Bell injury concern highlights absence of Pietersen

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England’s battle plans were thrown into disarray, before the post-Kevin Pietersen era has even started, when Ian Bell edged a ball into his face in practice yesterday.

Bell, inked in to replace Pietersen at the top of the order following the South Africa-born batsman’s shock limited-overs retirement, was just about the last person England needed to suffer an injury scare on the eve of the NatWest Series against West Indies.

That is what happened in the Rose Bowl indoor nets yesterday morning, though, where an attempted pull-shot went awry and resulted in a deep gash to his chin and a dash to hospital for stitches and to check whether his jaw might be broken.

The England and Wales Cricket Board have confirmed that Bell has suffered a possible non-displaced fracture to his jaw, but he has not been ruled out of the match.

Bell had to have 10 stitches in the wound, but the Warwickshire man will not necessarly miss today’s ODI.

When Bell returned to the ground, a collective sense of relief appeared to accompany him.

Captain Alastair Cook addressed the press during the hours of peak anxiety which immediately followed Bell’s mishap against routine throw-downs from Richard Halsall.

“Ian Bell got hit in the nets today and has got a gash on his chin,” said the man who will now discover for definite only this morning who his latest England opening partner will be.

“He’s gone off for an X-ray, but we don’t know what the situation is yet.

“It is a concern, because he didn’t look in a good way when he walked off.

“There was quite a lot of blood, and he has had stitches.”

England were forced to consider their contingency plans, and it seems elevation for Cook’s Essex team-mate Ravi Bopara was the likely preferred option.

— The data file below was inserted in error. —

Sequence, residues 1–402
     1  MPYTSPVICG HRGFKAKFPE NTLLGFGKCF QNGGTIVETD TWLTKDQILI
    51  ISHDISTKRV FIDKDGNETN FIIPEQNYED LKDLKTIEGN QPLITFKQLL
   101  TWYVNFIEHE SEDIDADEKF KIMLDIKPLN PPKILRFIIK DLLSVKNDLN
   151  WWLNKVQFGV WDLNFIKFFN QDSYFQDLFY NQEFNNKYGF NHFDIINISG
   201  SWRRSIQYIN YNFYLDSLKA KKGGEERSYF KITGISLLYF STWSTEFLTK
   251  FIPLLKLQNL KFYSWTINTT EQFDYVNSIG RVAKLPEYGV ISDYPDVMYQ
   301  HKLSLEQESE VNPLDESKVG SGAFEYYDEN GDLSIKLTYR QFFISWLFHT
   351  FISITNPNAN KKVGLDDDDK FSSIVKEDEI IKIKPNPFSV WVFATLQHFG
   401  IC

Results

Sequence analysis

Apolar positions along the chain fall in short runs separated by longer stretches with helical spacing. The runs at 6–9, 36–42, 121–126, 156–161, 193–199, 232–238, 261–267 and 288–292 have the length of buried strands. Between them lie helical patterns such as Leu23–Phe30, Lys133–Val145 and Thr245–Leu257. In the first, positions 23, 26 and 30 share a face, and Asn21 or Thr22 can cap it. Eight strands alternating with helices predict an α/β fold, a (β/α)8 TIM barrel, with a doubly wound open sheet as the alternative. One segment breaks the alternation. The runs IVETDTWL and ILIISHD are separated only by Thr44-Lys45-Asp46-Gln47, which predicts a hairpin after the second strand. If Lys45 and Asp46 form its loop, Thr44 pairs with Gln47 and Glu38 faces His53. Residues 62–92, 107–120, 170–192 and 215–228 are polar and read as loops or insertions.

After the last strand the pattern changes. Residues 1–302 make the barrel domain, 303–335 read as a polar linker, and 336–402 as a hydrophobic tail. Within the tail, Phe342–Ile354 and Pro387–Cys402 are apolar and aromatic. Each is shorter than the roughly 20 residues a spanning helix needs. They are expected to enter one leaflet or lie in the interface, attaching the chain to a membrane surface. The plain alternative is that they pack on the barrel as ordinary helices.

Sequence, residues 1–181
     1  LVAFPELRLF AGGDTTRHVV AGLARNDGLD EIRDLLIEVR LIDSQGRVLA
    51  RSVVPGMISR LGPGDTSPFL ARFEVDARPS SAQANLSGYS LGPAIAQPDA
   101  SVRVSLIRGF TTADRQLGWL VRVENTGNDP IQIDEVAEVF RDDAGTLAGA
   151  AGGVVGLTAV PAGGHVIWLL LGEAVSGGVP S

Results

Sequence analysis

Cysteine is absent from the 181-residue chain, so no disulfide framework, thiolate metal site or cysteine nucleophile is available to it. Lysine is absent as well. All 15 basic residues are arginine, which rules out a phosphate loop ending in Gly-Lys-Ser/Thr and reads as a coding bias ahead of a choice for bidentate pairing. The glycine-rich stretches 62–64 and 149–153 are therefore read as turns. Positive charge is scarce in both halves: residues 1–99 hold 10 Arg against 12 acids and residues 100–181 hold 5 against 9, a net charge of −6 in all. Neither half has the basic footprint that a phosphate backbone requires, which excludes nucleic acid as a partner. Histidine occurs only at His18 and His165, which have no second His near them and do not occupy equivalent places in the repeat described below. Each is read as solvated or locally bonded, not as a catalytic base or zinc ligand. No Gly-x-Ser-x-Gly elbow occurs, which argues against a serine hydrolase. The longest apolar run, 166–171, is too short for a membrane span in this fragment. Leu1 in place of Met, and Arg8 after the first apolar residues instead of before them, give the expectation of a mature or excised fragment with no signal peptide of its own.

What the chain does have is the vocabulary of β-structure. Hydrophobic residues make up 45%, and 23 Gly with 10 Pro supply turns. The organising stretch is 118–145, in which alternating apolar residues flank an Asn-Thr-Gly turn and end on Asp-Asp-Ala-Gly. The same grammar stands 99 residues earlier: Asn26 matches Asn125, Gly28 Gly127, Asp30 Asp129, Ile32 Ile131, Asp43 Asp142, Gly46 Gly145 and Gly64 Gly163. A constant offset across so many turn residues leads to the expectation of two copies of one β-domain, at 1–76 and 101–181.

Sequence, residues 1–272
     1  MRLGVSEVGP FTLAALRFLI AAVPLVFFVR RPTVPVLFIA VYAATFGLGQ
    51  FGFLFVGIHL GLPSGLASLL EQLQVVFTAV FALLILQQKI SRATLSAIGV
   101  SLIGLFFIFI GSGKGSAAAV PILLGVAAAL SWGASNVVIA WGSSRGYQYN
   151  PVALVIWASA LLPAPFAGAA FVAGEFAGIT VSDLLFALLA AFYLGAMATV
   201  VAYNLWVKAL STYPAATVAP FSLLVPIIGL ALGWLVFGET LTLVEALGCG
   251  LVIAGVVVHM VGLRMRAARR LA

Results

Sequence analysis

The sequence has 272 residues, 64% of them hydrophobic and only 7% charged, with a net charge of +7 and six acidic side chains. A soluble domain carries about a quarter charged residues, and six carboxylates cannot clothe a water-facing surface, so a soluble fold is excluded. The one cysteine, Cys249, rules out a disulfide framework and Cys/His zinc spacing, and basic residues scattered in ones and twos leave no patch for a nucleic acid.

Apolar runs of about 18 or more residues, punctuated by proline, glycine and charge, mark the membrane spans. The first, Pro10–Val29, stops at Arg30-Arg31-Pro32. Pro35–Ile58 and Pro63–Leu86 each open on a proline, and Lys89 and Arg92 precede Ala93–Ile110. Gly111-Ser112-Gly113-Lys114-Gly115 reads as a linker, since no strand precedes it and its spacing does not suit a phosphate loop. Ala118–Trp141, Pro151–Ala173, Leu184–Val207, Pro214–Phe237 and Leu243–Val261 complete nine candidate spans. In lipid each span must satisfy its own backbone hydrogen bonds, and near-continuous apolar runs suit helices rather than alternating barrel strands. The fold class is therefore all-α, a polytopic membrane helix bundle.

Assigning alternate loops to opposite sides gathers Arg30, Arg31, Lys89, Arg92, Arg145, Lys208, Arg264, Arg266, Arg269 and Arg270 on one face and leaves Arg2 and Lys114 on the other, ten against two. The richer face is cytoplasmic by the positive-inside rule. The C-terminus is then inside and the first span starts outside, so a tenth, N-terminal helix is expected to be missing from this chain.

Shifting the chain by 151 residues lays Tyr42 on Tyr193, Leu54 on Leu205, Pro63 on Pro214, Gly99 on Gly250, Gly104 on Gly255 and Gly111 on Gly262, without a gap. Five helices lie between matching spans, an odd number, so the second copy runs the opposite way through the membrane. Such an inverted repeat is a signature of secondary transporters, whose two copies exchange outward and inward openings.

“We will have to play it by ear,” said Cook.

“Ian top-edged a pull into his chin.

“If he’s unfit then, of course, we’d have to change – and that’s why you’ve got a squad.

“Emergencies can come up in any game.

“I remember Matt Prior getting hurt on the morning of the Test at Headingley in 2009. You have to have a squad for those circumstances.

“We’re just waiting to see what we’ll do if Belly is ruled out.”

By late afternoon, the impression was that panic stations were being scaled down if not entirely de-rigged.

Cook’s opposite number Darren Sammy had mixed feelings about Bell’s friendly-fire injury.

“I don’t think any cricketer wants to see anybody get injured, or would take pleasure in that happening to an opposition player,” he said.

“It’s unfortunate for him. But we haven’t got to focus on what happens to the opposition; we just have to focus on what we need to do to win the one-day series, go out there and put good runs on the board and then defend it.”

The West Indies’ gameplan is a simple one, then, with their regiment of big hitters and multiple bowling options.

For England, a voyage of discovery is about to begin as they work out how best to deploy those who have outlived Pietersen.

“Clearly Kevin is a world-class player,” said Cook.

“He’s scored a lot of runs and has played some match-winning innings for England.

“But we have won games before without Kevin Pietersen, against Pakistan in 2010 and against India – and it is time to move on now.

“Clearly when he’s in the form he is now he’ll be missed – but we’ll move on as a team.

“It gives an opportunity to someone else to make those middle overs theirs.”

Pietersen’s retirement shocked the world of cricket, including his ODI captain – who was not part of the reportedly vexed negotiations which preceded it.

“It came as a surprise, because he was playing so well, but when he makes a decision he makes a decision.

Clearly those discussions have gone on with the ECB and Andy Flower – and that’s probably where those discussions should have been.

“Yes it’s disappointing, but we move on and replace him.”

In Bell, who made his only ODI hundred at this ground in 108 matches to date, Cook is confident the right man will be in situ against the new ball – in the medium if not yet for certain the immediate term.

“I think the best players can adapt to all conditions, and we’ve all seen how good Belly is in Test cricket,” he said.

“In one-day cricket, he’ll be the first to admit he hasn’t quite reached the heights he would have liked.

“But I don’t see any reason why he can’t thrive in one-day cricket now.”

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